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Reflexion in handlungs- und erfahrungsorientierten Lern- und Entwicklungsmodellen - State of the Art und empirische Befunde im Feld der Integrativen Outdoor-Aktivitäten®
Abstract and Figures
Outdoor activities in the field of pedagogy, counselling and (psycho)therapy are mainly based on experiential and action-oriented learning concepts. In the process of learning and development of individuals, teams and groups, reflection is crucial. Hardly any empirical studies provide evidence how the setting of the reflection impacts the process and the outcomes. The research questions are: (1) Of what relevance is the process of reflection in current experiential and action-oriented theoretical concepts and models? (2) How does the setting of the reflection impact the process and outcomes of the reflection? A comprehensive state of the art literature review makes evident, that reflection in experiential outdoor activities is meanwhile taken for granted within the theoretical models and concepts. The present quasi-experimental study (n=75) is testing for 30 hypotheses on how the setting (reflection in pairs versus alone) impacts the reflection process and its outcomes. Bi- and multivariate findings point out, that the setting mainly impacts the process rather than the outcomes. Reflection questions are of greater importance in single settings than in settings of pairs. In contrast, reflecting in pairs broadens the addressed content and increases the level of emotional activation. Gender and health status are the main predictors of the outcome. Findings testing for the moderator effect of self-reflection and insights lead to the following conclusion: Individuals scoring higher on the insight subscale (SRIS-IN) gain less new insights through the reflection in pairs. Therefore, trainers should try to gather the participants’ ability to self-reflect and their prior experience, to better adapt, design and facilitate the process of learning and reflection. The question, whether health status impacts the learning outcome in experiential outdoor settings more than in solely cognitive indoor settings, should be investigated in future studies.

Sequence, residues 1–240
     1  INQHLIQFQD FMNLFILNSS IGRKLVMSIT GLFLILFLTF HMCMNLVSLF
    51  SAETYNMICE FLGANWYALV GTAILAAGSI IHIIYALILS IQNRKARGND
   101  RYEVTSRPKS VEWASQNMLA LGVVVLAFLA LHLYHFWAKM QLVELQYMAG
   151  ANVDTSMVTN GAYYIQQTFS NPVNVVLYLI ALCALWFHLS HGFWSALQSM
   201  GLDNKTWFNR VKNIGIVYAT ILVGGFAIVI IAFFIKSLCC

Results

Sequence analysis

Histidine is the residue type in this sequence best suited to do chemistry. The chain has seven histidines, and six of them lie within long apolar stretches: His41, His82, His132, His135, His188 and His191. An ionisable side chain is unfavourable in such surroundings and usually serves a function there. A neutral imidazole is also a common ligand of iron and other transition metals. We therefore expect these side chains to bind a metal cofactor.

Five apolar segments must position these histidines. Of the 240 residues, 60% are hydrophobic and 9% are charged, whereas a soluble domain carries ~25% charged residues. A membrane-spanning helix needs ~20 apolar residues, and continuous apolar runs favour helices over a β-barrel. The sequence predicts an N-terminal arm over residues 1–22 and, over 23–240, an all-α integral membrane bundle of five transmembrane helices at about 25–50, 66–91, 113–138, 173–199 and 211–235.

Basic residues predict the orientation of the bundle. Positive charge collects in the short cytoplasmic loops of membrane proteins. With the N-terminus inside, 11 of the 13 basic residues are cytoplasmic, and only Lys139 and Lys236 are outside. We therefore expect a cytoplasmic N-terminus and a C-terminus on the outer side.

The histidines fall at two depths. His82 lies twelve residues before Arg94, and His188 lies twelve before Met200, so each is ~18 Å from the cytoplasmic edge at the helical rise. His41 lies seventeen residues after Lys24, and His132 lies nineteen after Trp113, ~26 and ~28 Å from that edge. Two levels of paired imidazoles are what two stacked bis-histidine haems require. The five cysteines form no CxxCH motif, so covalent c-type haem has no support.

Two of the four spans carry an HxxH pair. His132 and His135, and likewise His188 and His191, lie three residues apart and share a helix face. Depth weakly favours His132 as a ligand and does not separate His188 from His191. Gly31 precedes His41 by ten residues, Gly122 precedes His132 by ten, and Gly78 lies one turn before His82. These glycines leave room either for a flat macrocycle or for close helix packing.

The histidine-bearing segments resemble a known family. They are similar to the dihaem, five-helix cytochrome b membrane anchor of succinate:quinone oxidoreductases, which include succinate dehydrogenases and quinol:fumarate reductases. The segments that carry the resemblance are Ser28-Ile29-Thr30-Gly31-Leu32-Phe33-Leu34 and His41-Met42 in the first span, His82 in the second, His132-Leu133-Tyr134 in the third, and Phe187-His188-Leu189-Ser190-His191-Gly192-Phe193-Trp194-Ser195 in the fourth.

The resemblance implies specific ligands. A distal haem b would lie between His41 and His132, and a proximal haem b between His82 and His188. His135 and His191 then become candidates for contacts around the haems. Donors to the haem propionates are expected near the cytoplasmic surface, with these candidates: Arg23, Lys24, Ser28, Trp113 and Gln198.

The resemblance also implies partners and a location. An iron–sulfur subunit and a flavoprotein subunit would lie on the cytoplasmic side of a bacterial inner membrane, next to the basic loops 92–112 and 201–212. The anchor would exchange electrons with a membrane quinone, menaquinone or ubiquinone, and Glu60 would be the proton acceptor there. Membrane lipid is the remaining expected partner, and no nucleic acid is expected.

Figures - uploaded by Paul Rameder
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